Appeal from the District Court of Laramie County The Honorable Edward L. Grant, Judge.
The opinion of the court was delivered by: Burke, Justice.
Before VOIGT, C.J., and GOLDEN, HILL, KITE, and BURKE, JJ.
[¶1] William Henry Forbes pled guilty to two counts of third-degree sexual abuse of a minor. The district court imposed concurrent sentences of six to eight years, but suspended those sentences and placed Mr. Forbes on supervised probation. Subsequently, the State moved to revoke his probation. The district court, after a hearing, revoked probation and imposed the underlying sentence. Mr. Forbes appeals, claiming that the State failed to prove he willfully violated a condition of his probation, and that the district court erred when it did not provide him the opportunity to allocute at his probation revocation hearing. We affirm.
[¶2] Mr. Forbes presents the following issues on appeal:
1. Did the trial court err in revoking appellant's probation, as he did not initiate, establish or maintain contact with a minor?
2. Was the alleged probation violation willful?
3. Did the trial court err when it refused to allow appellant to allocute at his probation revocation hearing?
[¶3] Mr. Forbes met the victim in Anchorage, Alaska, when she was fourteen and he was thirty-five. They began a sexual relationship and the victim became pregnant with Mr. Forbes's child. They traveled to California and Louisiana and eventually landed in Wyoming when their car broke down in Cheyenne. In June of 2007, the victim gave birth to a son. The victim contacted law enforcement seeking a welfare check on the child. She disclosed her sexual relationship with Mr. Forbes to the responding officer. The State filed criminal charges against Mr. Forbes.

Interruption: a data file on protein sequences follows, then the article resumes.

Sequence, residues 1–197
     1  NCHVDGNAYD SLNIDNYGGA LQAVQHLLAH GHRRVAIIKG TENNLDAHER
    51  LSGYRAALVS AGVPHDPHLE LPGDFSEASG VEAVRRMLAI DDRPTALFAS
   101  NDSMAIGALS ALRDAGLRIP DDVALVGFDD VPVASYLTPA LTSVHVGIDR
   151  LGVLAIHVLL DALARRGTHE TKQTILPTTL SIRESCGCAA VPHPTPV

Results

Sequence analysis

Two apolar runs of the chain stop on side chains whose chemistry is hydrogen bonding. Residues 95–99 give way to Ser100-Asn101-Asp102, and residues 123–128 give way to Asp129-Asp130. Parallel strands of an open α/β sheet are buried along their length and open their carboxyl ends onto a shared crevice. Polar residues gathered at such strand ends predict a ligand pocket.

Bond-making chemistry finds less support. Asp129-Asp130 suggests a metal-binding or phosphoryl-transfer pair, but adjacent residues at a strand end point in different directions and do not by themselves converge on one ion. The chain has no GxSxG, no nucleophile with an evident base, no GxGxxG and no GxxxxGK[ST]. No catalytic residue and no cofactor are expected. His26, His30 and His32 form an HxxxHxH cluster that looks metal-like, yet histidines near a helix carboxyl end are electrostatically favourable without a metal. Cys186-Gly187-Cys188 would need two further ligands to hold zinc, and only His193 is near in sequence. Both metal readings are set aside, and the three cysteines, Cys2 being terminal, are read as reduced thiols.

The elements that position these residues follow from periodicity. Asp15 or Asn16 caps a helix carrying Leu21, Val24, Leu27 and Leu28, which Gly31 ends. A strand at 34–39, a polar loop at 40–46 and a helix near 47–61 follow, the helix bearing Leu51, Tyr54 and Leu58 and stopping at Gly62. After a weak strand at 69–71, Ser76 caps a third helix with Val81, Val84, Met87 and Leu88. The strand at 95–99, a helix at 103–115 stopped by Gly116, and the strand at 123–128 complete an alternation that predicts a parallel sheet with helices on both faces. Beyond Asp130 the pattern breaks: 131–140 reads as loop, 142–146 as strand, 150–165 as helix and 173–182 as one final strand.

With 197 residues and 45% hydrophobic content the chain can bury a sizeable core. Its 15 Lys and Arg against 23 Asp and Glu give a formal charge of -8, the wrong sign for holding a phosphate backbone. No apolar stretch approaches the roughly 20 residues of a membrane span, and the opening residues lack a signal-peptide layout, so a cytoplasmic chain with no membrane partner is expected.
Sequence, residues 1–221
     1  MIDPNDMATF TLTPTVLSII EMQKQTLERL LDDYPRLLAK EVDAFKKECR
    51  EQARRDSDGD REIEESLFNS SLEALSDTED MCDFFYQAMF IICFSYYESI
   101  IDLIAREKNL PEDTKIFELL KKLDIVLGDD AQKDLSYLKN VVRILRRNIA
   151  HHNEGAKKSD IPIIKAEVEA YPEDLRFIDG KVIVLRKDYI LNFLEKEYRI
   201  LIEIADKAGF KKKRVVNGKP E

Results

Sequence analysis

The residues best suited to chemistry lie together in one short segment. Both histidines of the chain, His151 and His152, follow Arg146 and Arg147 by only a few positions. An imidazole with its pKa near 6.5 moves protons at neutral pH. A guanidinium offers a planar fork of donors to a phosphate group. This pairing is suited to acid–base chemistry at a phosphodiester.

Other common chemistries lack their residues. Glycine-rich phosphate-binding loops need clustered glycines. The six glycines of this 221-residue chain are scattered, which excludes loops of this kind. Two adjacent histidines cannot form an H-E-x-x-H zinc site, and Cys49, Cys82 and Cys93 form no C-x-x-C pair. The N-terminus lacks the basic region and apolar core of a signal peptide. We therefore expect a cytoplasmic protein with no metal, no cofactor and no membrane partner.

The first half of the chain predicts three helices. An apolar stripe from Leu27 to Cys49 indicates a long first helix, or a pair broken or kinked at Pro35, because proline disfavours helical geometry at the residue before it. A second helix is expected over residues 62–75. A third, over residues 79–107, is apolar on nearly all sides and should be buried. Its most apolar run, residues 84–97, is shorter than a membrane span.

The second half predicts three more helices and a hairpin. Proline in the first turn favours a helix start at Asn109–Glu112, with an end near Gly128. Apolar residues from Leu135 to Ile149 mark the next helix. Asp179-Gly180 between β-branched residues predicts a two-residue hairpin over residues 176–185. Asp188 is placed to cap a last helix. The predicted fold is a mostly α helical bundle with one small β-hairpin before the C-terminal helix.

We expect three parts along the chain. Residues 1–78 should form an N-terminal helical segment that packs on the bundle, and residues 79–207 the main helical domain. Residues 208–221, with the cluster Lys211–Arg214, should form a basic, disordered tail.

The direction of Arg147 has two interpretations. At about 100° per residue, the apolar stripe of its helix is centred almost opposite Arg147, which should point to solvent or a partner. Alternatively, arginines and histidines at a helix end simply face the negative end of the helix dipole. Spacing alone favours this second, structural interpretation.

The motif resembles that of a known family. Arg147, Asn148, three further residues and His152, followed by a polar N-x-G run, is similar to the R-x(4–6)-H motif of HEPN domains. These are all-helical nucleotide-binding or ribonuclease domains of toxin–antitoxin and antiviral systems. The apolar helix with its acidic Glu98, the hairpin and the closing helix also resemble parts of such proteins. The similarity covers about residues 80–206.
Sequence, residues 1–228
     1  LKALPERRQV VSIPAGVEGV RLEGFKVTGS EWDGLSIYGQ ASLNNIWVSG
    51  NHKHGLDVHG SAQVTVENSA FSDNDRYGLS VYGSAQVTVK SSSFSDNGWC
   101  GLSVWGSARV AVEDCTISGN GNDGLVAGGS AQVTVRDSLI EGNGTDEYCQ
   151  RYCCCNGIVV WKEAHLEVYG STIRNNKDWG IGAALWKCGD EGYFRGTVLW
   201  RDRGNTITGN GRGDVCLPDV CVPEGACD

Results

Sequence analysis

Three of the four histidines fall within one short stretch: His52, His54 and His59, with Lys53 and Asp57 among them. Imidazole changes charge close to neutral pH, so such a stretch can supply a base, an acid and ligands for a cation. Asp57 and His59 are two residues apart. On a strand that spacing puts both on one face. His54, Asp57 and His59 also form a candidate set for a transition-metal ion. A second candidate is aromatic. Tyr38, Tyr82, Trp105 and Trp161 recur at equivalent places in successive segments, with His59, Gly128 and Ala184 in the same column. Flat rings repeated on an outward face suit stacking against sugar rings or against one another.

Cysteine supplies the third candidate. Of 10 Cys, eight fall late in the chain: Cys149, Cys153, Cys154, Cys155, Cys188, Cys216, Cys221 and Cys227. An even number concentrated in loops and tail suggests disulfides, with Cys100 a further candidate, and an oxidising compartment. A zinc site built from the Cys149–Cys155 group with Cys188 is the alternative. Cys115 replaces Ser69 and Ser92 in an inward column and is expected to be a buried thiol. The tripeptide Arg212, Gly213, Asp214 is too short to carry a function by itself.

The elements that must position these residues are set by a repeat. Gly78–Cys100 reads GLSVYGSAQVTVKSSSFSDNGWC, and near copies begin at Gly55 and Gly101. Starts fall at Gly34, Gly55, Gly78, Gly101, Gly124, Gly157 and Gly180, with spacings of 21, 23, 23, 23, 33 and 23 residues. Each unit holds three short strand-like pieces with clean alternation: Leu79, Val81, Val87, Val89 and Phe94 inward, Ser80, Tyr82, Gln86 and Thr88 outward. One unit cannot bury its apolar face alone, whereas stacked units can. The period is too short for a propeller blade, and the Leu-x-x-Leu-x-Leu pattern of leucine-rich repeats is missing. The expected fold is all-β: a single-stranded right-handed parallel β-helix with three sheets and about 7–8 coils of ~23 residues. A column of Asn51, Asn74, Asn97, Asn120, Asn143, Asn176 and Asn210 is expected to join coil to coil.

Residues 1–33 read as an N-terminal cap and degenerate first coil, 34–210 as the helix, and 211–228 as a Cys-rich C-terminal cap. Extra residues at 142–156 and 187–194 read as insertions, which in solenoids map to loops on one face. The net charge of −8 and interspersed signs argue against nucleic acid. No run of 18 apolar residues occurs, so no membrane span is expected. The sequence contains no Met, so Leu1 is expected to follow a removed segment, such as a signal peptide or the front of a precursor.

[¶4] In April of 2008, Mr. Forbes pled guilty to two counts of third-degree sexual abuse of a minor in violation of Wyo. Stat. Ann. § 6-2-316(a)(iv) (LexisNexis 2007).*fn1
Following entry of that plea, the district court sentenced Mr. Forbes to six to eight years in the Wyoming State Penitentiary. The court suspended execution of that sentence in favor of six years of supervised probation. The Judgment and Sentence of the district court specifically provided: ―DEFENDANT shall not initiate, maintain, or establish contact with any minor child, nor attempt to do so, nor reside in the same residence with minor children without the written permission of the probation agent in consultation with the treatment provider.‖